Every day we’re being confronted with increasing sales costs and margins under greater and greater pressure. In this blog, we explain why this is happening and look at the solution in detail.

Increasing sales costs and greater pressure on margins are usually the result of inadequate or non-existent internal sales training and supervision. There are also a few die-hard habits that many companies and sales reps cling on to which can cause even bigger problems for sales performance.

Directors will already be familiar with the changed buying behaviour and understand the impact it has on their sales and marketing organisation. The fact that up to 75% of decision-making criteria are influenced online means it’s important for us to allow sales to start a dialogue with customers at different times and with different messages.

If sales is forced to wait until customers are ‘ready-to-buy’ or in the quotation stage before they spring into action, it’s impossible to sell customer value, so:

  • Margins continue to fall
  • Products and services are experienced as commodities

This habit comes from:

  • Managers being mainly interested in the time frame that deals are agreed in
  • Sales who think it’s a waste of time to enter into a buying process early, and prefer to wait for ready-to-buy leads from marketing
  • Sales who are willing to start the buying process early and influence the customer, but don’t have the necessary skills and messages to appeal to customers in this early stage

The solution: do the right thing at the right time with the right person
Management behaviour and how to direct sales teams is crucial here, although that’s a separate topic just in itself. But how can we arm sales to face these new challenges?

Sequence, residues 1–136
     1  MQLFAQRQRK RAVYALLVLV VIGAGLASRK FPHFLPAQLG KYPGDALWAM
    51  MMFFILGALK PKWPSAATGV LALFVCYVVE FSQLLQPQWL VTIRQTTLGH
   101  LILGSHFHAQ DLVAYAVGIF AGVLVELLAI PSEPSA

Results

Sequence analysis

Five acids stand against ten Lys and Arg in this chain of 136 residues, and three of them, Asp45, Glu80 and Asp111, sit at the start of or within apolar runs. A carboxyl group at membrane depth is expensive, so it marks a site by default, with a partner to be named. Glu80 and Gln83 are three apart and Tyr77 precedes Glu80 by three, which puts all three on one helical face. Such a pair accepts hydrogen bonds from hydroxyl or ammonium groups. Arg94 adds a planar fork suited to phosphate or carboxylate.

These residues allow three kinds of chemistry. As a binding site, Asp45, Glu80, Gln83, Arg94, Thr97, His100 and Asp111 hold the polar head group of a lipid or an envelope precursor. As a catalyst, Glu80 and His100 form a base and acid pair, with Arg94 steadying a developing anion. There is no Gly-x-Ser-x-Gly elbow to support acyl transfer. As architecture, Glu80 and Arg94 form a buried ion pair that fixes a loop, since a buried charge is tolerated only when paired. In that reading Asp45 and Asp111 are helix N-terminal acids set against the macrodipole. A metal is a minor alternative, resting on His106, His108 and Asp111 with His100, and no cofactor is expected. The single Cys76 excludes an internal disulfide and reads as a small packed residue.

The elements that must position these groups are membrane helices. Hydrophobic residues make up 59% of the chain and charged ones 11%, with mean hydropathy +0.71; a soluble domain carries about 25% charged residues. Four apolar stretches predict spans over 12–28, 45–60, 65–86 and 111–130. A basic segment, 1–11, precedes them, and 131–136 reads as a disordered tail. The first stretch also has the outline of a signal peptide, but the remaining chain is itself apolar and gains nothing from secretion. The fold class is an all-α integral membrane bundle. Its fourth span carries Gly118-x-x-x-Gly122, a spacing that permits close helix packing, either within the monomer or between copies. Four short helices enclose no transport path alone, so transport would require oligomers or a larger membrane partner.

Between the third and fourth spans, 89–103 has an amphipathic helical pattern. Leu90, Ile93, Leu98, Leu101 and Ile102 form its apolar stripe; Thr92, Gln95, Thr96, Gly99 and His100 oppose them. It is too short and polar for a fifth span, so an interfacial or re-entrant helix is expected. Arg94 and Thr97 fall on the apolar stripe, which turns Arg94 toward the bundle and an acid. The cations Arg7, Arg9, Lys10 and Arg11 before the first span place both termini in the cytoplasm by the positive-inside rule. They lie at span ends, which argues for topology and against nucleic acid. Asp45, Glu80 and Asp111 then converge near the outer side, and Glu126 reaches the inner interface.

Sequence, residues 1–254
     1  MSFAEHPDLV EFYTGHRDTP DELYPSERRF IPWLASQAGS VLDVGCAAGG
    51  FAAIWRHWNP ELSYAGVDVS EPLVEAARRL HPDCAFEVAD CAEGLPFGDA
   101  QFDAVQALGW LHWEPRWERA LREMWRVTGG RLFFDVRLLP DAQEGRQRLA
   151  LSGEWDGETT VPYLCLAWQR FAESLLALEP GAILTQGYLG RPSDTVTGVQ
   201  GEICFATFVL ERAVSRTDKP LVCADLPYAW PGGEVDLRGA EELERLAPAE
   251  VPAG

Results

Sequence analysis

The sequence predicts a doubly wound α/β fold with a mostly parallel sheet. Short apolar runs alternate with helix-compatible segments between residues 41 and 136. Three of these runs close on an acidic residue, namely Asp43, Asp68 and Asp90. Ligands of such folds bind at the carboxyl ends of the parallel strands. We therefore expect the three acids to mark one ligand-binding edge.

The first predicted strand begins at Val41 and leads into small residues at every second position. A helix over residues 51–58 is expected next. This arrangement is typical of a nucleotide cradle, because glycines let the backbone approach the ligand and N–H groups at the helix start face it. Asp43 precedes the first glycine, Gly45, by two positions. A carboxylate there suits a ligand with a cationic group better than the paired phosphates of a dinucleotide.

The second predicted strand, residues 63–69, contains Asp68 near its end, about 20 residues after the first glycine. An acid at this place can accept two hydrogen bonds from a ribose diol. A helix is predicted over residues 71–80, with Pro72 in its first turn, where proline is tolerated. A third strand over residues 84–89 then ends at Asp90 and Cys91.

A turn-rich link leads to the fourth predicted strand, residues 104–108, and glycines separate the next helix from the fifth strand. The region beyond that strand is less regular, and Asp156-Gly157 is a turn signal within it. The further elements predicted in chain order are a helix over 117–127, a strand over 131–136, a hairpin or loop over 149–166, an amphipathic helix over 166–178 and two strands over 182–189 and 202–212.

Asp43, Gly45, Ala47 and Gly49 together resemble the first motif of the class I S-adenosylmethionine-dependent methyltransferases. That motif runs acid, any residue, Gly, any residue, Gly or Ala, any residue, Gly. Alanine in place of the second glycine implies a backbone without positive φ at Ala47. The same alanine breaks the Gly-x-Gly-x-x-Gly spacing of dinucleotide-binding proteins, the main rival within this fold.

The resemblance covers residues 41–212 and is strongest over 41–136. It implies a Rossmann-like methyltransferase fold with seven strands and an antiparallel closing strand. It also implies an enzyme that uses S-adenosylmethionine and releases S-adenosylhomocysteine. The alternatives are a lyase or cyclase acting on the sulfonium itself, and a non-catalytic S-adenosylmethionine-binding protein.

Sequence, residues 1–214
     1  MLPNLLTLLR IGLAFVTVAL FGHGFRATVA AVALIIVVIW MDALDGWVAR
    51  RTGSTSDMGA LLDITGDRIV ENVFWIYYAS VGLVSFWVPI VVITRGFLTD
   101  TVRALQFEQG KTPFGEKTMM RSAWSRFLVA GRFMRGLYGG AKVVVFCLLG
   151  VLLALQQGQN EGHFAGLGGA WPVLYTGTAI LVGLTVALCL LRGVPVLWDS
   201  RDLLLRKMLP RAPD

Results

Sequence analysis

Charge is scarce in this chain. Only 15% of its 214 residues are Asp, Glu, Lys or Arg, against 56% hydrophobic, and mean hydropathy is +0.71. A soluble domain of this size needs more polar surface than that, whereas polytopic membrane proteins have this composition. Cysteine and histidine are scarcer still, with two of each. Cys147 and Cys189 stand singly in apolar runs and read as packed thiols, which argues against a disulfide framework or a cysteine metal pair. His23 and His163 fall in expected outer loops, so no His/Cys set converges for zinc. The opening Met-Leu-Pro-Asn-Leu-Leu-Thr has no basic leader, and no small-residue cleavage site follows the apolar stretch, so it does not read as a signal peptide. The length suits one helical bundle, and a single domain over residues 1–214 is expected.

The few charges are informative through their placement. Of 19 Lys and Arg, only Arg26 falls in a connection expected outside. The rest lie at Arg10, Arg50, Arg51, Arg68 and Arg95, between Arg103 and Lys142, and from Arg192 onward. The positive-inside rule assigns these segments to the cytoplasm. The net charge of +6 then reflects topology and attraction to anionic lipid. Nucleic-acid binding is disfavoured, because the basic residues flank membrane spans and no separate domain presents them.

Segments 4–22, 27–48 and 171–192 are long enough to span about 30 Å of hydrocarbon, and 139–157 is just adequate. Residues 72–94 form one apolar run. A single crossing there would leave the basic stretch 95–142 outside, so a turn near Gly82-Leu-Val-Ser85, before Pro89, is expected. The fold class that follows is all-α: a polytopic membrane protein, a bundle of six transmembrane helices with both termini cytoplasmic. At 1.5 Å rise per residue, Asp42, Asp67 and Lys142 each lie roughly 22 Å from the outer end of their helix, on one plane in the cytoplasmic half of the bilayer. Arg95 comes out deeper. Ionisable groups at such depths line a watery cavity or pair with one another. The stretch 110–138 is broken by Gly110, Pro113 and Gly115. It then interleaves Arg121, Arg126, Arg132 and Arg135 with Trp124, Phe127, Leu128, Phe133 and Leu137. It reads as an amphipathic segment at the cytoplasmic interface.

• Train sales to detect and facilitate the entire buying process
  • Implement a sales process that allows your team to document opportunities based on the customer’s willingness to buy (buying process) – and embed this in the CRM
  • Document messages for each product-market combination, and teach sales to use these messages at the right time in their comfort zone using ‘how to sell’ training with role plays

The buying process in figure 1 shows the complete customer journey. Whether it’s for existing or new customers determines how sales deals with it.

For existing customers, sales mainly need to convey ‘why customers need to stay’ – combined with behaviour that we label as ‘account development’ rather than ‘account management’. With existing relationships, detailed knowledge of the customer and their environment provides a great opportunity for increasing the value perception, and so embedding the relationship more deeply.

For non-customers, the first question is: ‘Has the customer already decided to change?’ Has the customer not decided to change yet? Then it’s best to base your messages and interactions on breaking the status quo, and so increasing the willingness to change. Customers aren’t usually aware of what improvements are possible. Or the customer thinks the risks that come with the change look too big. Or they’re not familiar enough with exactly what’s required.

These ‘why change’ messages assume the customer’s point of view and are the best way of developing prospects. And this is where the biggest challenge is identified in terms of sales performance. Various studies and analyses of our customers show that up to 60% of opportunities simply disappear from the forecast without any decision being made by the customer. The biggest competitor isn’t another supplier, but the customers themselves simply not deciding to buy anything. So messages about how good your company and its solutions are, or the extra benefits that you can offer, won’t help stimulate the buying process.